Photo credit: Getty Images/Jose Luis Pelaez
In case Premier Doug Ford is one of those last-minute holiday shoppers who doesn’t like the mall, Ontario taxpayers have some stocking stuffer ideas the Ontario government needs to deliver.
The best gift ideas are presents that Ford should be very familiar with, since they were in his party’s 2018 election platform.
After years of free-spending and tax hikes at Queen’s Park, Ford promised to usher in a new era of responsible budgeting, lower taxes and less government waste.
Three years later, Ontario taxpayers are still waiting for Ford to deliver.
There are four key items on Ontario taxpayers’ holiday wish list.
First, it’s time for Ford to lay out a plan to balance the provincial budget.
No one can deny that Ford was dealt a difficult hand. Former premier Kathleen Wynne left behind a fiscal mess and the pandemic has given the government additional challenges.
But in his first year in office, Ford increased government spending to $5 billion above what Wynne was planning to spend. And that was before the pandemic struck. Ford has no record of restraint during his time at Queen’s Park.
It will take time to balance the budget, but Ford owes it to Ontarians to present a plan as to how to get there.
Second, cut gas taxes at the pumps.
The Progressive Conservatives promised to cut gas taxes by 5.7 cents per litre in their 2018 election platform. After years of procrastination, Ford finally committed last month to delivering a gas tax cut before next spring.
But Ontarians are facing soaring gas prices at the pumps right now. Taxpayers can’t wait. Ford should deliver a gas tax cut for the holidays.
Third, Ford needs to end special taxpayer handouts to political parties and corporations.
When he was vying to become Ontario’s premier, Ford promised to stop doling-out taxpayer money to Ontario’s political parties. The parties blow these taxpayer dollars on lawn signs and attack ads.
Instead of ending the program, Ford made it even more expensive. This year, Ontario taxpayers will be forced to give nearly $14 million to Ontario’s political parties.
Ford has also arranged for a payday loan advance of $10 million for the four major parties ahead of next year’s election. He wants to use the taxpayer credit card to pay for attack ads when voters head to the polls next June.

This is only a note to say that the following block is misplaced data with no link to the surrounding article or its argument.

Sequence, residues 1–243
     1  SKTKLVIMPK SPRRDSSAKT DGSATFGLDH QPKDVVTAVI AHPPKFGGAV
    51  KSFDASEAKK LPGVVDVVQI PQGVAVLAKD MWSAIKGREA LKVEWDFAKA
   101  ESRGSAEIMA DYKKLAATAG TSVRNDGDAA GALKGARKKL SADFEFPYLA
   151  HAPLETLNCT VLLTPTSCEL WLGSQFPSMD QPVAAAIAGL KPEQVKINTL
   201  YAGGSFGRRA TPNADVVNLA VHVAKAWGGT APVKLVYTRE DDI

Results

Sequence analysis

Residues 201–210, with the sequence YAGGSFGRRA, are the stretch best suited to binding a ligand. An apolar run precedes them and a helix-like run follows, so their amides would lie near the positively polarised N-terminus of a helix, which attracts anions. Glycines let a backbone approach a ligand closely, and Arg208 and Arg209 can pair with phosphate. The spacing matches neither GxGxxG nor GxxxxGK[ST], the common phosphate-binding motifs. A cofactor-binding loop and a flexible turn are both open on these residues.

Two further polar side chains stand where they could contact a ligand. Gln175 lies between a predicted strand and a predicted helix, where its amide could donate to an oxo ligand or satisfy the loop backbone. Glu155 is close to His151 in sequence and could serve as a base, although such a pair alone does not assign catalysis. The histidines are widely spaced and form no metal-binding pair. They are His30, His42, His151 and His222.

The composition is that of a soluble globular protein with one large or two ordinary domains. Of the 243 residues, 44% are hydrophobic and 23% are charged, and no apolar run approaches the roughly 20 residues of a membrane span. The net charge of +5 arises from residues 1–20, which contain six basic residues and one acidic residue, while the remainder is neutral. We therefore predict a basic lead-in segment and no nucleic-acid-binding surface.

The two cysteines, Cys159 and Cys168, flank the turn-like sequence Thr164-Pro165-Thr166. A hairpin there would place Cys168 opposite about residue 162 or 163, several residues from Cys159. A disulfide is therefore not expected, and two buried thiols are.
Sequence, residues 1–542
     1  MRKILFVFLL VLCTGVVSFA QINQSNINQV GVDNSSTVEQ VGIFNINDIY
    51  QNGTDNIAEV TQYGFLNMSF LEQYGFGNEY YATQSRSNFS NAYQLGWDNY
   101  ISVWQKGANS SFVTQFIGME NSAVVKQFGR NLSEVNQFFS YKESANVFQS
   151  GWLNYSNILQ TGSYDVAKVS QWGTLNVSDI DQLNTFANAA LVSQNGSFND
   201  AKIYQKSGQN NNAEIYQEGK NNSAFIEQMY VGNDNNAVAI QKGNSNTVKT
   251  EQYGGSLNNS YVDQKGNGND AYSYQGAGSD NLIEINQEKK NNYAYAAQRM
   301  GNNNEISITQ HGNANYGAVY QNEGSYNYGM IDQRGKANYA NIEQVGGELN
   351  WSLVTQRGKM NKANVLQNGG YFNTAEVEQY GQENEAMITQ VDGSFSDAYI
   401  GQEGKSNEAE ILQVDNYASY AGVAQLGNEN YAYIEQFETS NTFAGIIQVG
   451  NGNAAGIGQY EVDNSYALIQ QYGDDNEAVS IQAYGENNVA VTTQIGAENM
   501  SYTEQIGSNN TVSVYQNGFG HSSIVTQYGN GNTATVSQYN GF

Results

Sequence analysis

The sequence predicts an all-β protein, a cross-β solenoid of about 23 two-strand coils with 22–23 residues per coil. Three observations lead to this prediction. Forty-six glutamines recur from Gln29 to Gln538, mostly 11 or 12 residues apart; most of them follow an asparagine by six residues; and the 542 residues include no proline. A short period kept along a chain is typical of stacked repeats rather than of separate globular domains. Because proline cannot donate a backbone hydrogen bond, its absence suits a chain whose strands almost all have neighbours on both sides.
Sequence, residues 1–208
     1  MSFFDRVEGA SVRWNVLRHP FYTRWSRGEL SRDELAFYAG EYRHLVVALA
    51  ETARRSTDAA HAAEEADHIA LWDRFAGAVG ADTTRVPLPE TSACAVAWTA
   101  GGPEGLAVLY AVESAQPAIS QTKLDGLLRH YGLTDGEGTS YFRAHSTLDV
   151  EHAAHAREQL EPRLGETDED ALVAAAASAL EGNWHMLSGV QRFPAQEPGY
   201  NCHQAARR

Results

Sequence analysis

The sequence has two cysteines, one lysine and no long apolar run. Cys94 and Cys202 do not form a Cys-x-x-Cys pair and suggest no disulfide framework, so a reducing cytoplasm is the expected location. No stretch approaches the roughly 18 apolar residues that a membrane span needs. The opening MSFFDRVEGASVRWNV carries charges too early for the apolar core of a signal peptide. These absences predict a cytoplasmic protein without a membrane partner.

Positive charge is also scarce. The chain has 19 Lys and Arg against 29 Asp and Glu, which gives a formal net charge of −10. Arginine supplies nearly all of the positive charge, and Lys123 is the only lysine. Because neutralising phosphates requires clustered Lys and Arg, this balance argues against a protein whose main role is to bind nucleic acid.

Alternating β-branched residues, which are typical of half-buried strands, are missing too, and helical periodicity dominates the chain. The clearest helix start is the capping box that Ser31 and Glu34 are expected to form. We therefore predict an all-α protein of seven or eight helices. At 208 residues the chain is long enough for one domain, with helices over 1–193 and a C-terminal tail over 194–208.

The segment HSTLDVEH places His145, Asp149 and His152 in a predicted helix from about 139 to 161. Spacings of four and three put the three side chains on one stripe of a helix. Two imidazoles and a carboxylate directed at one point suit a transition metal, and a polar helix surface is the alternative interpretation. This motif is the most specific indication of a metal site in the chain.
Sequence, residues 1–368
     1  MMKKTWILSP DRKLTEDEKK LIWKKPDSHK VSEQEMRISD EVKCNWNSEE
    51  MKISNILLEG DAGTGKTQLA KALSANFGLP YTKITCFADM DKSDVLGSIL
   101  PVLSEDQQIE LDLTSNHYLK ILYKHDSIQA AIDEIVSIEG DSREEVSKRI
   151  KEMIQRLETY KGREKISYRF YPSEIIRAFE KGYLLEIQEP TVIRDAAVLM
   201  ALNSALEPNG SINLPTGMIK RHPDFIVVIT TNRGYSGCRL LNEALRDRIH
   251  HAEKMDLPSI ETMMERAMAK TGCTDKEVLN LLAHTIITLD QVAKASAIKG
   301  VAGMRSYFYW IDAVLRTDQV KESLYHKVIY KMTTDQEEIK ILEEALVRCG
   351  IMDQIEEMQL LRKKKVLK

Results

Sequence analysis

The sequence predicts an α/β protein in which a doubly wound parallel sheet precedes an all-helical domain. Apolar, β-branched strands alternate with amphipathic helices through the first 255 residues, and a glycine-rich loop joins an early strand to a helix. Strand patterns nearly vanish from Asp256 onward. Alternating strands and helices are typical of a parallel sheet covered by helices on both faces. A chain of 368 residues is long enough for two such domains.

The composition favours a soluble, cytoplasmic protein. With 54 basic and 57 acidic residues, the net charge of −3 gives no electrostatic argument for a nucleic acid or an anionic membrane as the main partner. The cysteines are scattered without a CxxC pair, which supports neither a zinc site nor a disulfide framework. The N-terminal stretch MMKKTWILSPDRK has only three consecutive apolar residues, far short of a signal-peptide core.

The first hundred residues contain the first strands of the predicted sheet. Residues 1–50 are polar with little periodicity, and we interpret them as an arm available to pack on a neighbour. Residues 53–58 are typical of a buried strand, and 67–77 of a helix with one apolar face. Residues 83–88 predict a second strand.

Ontario taxpayers want to wake up to a scrapped political welfare system on Christmas morning.
Ford should also stop handing over taxpayer dollars to wealthy corporations. He promised to end the practice back in 2018, but instead has handed over hundreds of millions of dollars to wealthy companies like the Ford Motor Company and Maple Leaf Foods.
For the holidays, Ford should stop putting our money in the pockets of wealthy corporations.
Instead, Ford should give money back to hardworking taxpayers.
The fourth item Ontario taxpayers want to see for the holidays is an income tax cut. Ford promised in the last election to cut middle-class income taxes, saving individual taxpayers up to $850 a year.
As Ontarians continue to face rising costs for necessities, it’s time for the government to leave more money in taxpayers’ pockets.
With just six months to go until Ontarians head to the polls, Ford still has many promises on his to-do list. The Progressive Conservatives had some strong, pro-taxpayer commitments in their 2018 election platform. Unfortunately, the government has yet to implement the majority of them.
With the holidays fast approaching, taxpayers want to see stocking stuffers that include prudent spending, lower taxes and less government waste.
Ford needs to move fast to make sure taxpayers don’t wake up to a pile of coal.
Jay Goldberg is the Ontario director at the Canadian Taxpayers Federation. This article first appeared in the Toronto Sun on Dec. 14, 2021. Reprinted here with permission.
Jay Goldberg is the Ontario Director at the Canadian Taxpayers Federation. He previously served as a policy fellow at the Munk School of Public Policy and Global Affairs. Jay holds a Ph.D. in Political Science from the University of Toronto.